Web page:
Thanks everyone for the suggestions so far.
Most suggestions point to a Red-necked Phalarope on the left. Just goes to
show that I should have looked closer at the time, rather than trying to
get a photo (with a very small view finder).
Some more details.
1. Both birds had a black line down the middle of the rump in flight.
2. I was at Derby sewage ponds yesterday and I was looking at 40
Sharp-tailed Sandpipers, so I had a closer look. Most didn't have an
apparent eyebrow, but on a few (maybe 5 or so) there was a slight
appearance of an eyebrow. Nothing like as apparent on the birds at Cue though.
There was one smaller bird (not a Long-toed Stint which there was one). No
apparent eyebrow. No finer bill. I still thought it was a Sharpie even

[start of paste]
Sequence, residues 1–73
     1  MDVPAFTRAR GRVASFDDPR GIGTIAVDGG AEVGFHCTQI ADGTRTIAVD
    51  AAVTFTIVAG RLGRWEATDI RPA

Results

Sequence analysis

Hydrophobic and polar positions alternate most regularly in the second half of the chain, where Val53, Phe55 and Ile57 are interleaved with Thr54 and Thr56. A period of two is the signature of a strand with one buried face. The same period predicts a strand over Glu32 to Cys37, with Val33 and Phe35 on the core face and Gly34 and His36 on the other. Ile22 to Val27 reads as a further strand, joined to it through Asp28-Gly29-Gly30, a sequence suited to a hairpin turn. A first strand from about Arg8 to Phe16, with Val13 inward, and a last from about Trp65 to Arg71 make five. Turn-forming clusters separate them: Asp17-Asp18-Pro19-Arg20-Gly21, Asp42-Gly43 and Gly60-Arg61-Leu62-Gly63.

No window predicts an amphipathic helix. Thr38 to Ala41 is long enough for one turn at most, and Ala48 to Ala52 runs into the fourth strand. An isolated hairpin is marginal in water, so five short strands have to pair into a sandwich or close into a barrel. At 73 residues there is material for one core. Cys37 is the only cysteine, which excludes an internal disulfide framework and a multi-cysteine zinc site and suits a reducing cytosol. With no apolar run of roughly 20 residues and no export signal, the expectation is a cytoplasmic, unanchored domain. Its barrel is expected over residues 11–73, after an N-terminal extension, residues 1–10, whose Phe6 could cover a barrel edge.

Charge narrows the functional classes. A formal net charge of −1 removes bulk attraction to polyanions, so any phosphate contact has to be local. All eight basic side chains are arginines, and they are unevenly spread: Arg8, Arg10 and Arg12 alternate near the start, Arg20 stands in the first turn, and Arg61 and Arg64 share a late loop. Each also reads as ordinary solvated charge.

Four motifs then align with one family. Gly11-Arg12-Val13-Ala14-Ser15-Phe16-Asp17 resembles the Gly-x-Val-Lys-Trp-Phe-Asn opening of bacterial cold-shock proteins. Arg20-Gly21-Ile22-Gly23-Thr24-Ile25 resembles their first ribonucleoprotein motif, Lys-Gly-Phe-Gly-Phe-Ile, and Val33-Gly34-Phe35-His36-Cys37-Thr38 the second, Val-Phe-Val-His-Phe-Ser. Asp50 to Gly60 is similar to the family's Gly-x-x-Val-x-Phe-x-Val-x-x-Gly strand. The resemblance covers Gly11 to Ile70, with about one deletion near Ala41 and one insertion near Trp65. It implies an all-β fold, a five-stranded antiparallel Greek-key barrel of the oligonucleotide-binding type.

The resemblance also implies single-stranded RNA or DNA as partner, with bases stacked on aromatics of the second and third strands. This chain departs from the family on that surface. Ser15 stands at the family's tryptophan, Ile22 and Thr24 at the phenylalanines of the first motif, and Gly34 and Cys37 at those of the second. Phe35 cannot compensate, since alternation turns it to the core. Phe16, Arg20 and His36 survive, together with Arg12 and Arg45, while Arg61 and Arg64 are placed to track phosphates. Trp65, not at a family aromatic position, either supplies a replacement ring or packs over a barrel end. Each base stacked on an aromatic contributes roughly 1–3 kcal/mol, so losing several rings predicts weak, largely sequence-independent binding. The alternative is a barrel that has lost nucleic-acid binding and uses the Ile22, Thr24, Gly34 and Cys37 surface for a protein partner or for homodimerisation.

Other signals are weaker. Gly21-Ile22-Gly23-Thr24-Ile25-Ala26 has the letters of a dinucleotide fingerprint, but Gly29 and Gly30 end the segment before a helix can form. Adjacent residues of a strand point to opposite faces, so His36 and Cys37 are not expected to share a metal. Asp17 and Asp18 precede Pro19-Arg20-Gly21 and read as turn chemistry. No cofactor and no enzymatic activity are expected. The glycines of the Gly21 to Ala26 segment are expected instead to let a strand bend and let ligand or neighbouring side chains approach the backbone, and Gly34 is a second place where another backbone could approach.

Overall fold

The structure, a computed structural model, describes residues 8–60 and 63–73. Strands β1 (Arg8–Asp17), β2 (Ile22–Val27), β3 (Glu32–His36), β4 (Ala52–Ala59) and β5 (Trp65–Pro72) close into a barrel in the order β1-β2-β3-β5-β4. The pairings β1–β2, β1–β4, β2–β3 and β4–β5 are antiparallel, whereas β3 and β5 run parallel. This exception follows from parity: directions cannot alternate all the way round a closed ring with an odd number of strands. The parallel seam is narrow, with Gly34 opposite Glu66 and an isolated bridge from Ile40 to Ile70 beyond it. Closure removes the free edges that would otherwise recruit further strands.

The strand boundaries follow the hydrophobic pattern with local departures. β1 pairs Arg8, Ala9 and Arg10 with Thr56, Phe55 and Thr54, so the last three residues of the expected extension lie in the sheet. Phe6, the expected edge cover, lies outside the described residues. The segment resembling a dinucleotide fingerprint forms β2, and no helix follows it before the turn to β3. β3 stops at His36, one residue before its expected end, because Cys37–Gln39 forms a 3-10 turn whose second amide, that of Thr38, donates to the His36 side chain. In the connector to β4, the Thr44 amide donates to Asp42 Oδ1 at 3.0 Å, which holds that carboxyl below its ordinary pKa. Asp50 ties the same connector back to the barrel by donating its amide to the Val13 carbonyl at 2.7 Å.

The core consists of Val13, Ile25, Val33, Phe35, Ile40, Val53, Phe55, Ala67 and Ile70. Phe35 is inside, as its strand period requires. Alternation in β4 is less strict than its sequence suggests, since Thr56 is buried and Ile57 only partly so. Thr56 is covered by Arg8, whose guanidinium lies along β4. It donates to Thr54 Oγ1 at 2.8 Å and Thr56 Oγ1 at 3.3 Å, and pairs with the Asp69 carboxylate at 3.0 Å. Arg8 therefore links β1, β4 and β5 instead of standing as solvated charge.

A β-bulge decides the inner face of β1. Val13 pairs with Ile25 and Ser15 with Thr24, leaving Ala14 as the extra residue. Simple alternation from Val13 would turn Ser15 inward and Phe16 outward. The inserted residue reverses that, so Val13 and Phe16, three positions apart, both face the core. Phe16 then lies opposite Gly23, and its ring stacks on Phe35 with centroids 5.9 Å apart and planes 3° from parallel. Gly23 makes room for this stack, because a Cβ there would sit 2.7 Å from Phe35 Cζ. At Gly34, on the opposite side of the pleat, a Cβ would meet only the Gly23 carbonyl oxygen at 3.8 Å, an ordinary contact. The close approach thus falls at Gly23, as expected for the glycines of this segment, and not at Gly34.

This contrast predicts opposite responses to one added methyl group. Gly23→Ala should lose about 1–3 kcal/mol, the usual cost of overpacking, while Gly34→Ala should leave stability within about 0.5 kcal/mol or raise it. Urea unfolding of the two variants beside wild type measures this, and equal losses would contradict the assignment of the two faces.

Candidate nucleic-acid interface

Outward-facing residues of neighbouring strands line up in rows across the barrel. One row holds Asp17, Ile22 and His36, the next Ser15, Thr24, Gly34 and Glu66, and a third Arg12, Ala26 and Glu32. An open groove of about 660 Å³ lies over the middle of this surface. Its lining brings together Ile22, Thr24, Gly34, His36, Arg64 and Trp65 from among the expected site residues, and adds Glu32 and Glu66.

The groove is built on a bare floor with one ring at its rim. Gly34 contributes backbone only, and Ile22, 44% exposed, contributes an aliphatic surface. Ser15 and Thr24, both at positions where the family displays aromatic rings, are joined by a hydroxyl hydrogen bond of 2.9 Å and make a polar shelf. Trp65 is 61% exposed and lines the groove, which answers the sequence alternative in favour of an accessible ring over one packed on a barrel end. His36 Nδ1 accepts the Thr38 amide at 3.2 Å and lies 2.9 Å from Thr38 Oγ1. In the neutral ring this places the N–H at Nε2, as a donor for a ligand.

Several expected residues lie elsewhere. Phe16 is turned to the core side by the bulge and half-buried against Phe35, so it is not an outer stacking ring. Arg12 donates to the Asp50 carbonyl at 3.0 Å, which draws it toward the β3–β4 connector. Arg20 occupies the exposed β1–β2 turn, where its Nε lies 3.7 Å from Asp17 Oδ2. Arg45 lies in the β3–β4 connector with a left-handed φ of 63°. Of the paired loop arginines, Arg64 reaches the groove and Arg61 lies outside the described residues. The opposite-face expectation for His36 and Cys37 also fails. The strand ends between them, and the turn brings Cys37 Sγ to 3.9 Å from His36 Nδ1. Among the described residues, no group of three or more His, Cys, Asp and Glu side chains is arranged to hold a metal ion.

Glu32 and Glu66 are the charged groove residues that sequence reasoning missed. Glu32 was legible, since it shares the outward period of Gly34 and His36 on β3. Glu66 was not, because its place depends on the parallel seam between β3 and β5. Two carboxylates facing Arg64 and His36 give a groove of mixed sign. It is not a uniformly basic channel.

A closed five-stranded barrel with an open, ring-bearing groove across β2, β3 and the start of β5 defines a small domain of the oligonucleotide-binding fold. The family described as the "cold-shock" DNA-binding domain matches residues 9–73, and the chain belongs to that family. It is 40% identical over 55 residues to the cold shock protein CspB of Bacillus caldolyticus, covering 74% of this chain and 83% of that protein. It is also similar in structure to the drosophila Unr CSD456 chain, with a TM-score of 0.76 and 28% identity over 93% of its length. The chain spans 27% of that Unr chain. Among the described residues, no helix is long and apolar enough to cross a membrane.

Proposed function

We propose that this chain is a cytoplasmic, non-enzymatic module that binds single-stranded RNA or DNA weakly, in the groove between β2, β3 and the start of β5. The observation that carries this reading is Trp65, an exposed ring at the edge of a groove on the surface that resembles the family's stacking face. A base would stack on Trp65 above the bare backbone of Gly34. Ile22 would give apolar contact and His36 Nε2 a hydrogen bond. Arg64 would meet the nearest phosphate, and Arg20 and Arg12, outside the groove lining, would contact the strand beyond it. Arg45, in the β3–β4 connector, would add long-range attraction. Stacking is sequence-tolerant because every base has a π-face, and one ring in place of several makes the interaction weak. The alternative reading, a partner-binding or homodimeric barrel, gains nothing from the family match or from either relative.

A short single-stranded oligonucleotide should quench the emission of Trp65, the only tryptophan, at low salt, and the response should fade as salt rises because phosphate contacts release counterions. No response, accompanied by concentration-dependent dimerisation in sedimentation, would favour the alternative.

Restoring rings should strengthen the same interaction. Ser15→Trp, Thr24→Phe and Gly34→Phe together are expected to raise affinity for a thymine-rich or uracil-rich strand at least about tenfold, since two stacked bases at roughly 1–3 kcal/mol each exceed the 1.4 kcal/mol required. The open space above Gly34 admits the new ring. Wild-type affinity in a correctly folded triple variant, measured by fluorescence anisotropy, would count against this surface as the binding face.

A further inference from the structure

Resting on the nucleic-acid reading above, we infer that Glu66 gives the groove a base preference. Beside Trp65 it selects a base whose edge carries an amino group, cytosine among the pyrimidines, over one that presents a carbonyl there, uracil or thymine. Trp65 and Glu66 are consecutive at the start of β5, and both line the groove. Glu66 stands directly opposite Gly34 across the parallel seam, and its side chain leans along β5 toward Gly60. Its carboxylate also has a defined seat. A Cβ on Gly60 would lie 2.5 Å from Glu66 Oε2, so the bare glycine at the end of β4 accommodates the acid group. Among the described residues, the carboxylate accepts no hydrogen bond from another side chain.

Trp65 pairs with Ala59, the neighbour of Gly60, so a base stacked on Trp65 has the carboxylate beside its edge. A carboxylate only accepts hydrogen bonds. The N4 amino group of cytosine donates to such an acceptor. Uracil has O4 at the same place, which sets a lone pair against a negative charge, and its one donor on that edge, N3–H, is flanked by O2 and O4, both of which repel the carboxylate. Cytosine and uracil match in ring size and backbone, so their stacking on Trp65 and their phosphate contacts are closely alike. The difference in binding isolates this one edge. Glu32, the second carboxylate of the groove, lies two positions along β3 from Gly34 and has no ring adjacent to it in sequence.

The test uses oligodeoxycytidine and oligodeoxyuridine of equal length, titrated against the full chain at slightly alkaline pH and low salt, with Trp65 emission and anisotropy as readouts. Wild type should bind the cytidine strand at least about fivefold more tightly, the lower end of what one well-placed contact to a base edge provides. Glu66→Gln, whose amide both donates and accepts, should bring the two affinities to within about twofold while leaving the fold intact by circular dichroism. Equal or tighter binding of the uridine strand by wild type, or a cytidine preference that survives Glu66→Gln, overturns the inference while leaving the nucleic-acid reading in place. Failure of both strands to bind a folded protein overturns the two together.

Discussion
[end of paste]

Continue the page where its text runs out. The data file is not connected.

though it was say 20% smaller in body mass.
PS : You may remember me mentioning a year or more ago that the Derby
overflow ponds were being redesigned. This was my first chance to see the
results. The ponds are good, but nowhere near as good as they have been in
the past. But because of the smaller size, they may be more consistent
that the past. In the past they could be very spread out and it would ages
to walk around. They could also be dried out and nothing there. It is
easy to walk around now, but much smaller. They had sprinklers going
around the outside. This may be to keep the water level lower when it gets
to a certain height???
No major rarities, but two snipe, some Black-tailed Godwit, Marsh
Sandpiper, Wood Sandpiper, Sharpies, the Long-toed Stint, Common
Greenshank, one Little Curlew, etc.
So not a disaster, but maybe less potential than the past. They have also
built a viewing platform for the main ponds. This is effective, although
the closer birds flush to the back ponds which makes a little harder to
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